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Music

Jennie Tourel

Opera singer Jennie Tourel’s subtle performances may not have been suited to huge concert halls, but her extraordinary interpretations of the varied roles she took on made her recordings highly prized collector’s items.

Sylvia Blagman Syms

A jazz saloon singer with a gift for connecting with her audiences, Sylvia Blagman Syms continued performing despite ill health and was praised as one of the greats by performers that included Billie Holliday, Frank Sinatra, and Duke Ellington.

Barbra Streisand

Barbra Streisand’s outsized personality, combined with her voice and acting talents, made her one of the most successful performers of the twentieth century.

Beverly Sills

Beverly Sills may not have performed at the Metropolitan Opera House until age forty-five, but her impact on the opera world as both a singer and as the first female director of the New York City Opera Company (NYCO) was beyond measure.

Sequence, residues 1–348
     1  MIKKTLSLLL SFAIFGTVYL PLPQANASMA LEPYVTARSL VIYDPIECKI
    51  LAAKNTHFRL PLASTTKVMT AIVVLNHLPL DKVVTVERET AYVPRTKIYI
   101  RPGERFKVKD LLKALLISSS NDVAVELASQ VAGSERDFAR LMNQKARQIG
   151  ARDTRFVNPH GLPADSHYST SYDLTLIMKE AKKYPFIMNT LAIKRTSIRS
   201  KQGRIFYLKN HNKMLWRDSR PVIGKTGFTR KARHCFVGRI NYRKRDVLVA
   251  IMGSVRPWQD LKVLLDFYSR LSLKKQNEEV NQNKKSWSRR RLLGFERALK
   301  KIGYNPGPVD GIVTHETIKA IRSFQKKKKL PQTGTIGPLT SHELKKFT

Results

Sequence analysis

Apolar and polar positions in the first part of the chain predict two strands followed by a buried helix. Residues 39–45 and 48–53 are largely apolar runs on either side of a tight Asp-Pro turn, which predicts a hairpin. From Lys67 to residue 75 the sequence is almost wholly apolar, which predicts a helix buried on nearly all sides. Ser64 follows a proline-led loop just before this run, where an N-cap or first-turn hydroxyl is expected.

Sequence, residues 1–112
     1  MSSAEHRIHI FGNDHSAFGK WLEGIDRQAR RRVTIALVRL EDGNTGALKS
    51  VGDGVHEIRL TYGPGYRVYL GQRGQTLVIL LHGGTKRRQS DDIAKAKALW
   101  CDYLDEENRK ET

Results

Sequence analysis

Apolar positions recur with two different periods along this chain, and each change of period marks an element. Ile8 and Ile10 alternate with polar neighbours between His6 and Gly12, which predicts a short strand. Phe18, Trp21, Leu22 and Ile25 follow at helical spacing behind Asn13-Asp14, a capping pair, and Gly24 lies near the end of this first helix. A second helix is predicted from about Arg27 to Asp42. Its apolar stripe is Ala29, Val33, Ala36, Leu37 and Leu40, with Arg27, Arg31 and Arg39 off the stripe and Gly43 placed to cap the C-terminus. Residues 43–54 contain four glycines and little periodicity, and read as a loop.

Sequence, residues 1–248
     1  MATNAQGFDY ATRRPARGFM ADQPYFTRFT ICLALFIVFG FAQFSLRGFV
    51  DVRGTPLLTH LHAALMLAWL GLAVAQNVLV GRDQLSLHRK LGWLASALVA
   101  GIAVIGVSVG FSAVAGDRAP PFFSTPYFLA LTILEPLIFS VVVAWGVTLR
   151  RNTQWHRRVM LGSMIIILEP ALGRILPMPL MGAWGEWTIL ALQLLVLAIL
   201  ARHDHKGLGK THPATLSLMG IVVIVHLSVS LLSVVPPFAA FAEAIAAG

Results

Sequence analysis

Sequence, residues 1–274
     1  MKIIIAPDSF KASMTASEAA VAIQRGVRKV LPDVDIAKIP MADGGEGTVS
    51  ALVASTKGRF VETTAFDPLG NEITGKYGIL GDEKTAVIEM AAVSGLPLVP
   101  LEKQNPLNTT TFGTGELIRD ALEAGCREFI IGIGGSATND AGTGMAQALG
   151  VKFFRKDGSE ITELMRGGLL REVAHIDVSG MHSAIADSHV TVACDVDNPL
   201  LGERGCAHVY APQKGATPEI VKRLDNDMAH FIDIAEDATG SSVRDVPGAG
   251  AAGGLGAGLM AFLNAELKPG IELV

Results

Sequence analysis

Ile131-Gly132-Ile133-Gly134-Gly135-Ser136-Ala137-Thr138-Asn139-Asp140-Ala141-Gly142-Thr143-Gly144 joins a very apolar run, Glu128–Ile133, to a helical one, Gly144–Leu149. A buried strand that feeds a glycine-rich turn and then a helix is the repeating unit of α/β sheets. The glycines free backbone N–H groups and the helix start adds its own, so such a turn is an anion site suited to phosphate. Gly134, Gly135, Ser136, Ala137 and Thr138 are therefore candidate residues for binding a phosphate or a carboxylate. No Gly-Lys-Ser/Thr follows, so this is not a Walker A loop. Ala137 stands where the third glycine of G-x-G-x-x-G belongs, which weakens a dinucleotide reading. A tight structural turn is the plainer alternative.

Dinah Shore

Dinah Shore was one of the top recording artists of the 1940s, with hits like “Baby, It’s Cold Outside,” before starting a new career in the 1970s as a talk show host who prized conversation over confrontation.

Mathilde Schechter

Mathilde Roth Schechter was both an essential support for her husband’s work as president of the Jewish Theological Seminary and a force in her own right as founder of the Women’s League.

Betty Robbins

Betty Robbins spent her life breaking gender boundaries in the Jewish community even before she made history as the first woman cantor in 1955.

Roberta Peters

Roberta Peters made a remarkable debut at the Metropolitan Opera which led to a career spanning more than half a century as one of the Met’s most popular sopranos.

Bette Midler

Unapologetically bawdy, Bette Midler used elements from earlier brassy entertainers like Sophie Tucker in her comedy and music, but with a style that was all her own.

Sophie Maslow

Sophie Maslow blended classical, modern, and folk traditions in her dance and choreography and drew inspiration from politics and modern folk music to create vibrant new pieces that engaged audiences in new ways.

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How to cite this page

Jewish Women's Archive. "Music." (Viewed on November 23, 2014) <http://jwa.org/topics/music>.

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